Fallen Bouloulonssa

A legend from the Great Sand Sea, this is the mythic city swallowed by the sands of that windblown, dry expanse. A fountain of magik, power, and water flowed into this city, which was a giant oasis in an otherwise dry expanse. Legends say one day the land ‘yawned and moaned like some great beast, opening wide a maw to feast on the marvels, delights, and freshness of the Bouloulonssa’. Sages theorize some cataclysm or nexus related catastrophe occurred to destroy the city, though little evidence remains to determine one way or the other. A few travelers of the dangerous desert, however, speak in hushed tones about a city they sometimes glimpse ‘alight like a glittering jewel, with a great throng of people, whose laughter and sounds of life mingled with the pure, clear sound of water from the fountains’.


Supposedly, it is a now forgotten tunnel complex that literally spans the globe (running even beneath the oceans). These tunnels are, legends say, still traversed by ‘shining metal cart trains’ that stop and go as if ‘of a mind all their own’. Only a few, very few, have seen these strange creations firsthand, and of those, fewer still have spoken of the sight.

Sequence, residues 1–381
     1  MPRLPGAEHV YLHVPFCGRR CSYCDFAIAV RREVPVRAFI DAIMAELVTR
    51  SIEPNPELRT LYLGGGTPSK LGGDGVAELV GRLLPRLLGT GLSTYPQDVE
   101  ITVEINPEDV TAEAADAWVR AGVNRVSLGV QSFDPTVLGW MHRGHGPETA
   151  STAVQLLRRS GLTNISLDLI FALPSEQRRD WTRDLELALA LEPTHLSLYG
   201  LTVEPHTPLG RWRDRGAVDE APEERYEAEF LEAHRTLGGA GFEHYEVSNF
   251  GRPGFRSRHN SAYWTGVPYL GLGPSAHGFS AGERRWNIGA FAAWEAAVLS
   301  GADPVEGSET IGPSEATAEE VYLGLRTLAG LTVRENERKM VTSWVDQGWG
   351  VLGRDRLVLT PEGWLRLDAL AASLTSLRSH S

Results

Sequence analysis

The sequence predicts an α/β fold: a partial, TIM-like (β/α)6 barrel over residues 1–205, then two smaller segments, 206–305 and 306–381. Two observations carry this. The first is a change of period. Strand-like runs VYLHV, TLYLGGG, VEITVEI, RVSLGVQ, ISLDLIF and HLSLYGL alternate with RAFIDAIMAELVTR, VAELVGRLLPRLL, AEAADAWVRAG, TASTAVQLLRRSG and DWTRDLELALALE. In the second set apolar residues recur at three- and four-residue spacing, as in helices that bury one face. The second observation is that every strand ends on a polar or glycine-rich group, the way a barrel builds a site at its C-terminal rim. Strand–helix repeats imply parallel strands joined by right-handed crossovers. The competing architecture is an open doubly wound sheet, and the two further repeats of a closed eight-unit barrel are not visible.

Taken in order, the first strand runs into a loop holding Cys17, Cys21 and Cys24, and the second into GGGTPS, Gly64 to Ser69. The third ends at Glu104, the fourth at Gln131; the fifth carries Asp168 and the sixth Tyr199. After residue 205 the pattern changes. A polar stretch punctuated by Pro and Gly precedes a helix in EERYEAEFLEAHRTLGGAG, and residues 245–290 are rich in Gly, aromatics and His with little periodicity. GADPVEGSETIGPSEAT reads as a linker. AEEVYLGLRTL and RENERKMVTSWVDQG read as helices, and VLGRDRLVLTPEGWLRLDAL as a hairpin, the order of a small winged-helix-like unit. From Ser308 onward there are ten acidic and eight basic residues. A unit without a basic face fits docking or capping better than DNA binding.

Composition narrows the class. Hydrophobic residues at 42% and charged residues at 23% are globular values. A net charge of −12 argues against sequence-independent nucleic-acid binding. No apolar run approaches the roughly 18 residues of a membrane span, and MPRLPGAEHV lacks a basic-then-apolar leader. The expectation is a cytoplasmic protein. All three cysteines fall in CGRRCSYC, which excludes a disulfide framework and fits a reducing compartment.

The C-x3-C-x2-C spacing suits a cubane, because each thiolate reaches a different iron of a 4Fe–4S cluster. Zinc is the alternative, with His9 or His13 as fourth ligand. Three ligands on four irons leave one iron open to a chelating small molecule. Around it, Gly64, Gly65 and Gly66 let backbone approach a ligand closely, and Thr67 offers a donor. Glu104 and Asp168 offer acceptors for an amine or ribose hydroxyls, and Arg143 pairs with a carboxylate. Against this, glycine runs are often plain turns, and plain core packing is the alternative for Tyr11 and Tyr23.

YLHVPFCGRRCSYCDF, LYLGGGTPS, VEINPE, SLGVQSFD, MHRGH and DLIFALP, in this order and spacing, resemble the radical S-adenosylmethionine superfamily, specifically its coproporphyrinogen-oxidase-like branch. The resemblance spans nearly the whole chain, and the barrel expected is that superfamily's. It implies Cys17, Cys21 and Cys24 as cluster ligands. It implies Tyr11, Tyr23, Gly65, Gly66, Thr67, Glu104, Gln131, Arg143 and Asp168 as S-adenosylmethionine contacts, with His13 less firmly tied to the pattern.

City at the Edge of Forever

‘Hanging on the abyss of nothingness, and perched at the foot of the still drops of eternity’, is all that is known about this city other than, ‘it was fairer than all others, aglitter with power, tranquility and joy’. Reputedly somewhere on the fifth continent, this semi mythical city has called out to more than one enraptured adventurer. Seek it if you dare, for legends also tell that ‘guardians fair, foul, and betwixt guard her walls, and the herald waits to sound his horn against invader or transgressor’.

Arduin Eternal INDEX and Culture book (FREE)

Arduin Eternal reminder:
This is just a reminder to those that have purchased Arduin Eternal from another source that does not handle the INDEX and Cultures of Arduin Eternal that it can be gotten from Emperors Choice for free with proof of purchase!  Just contact Emperors Choice and we can ship you a copy right away!

Also remember - when ordering the Arduin Eternal rulebook direct from Emperors Choice, you will get this book for free until we give the next update tot he published copy (coming this year (2011).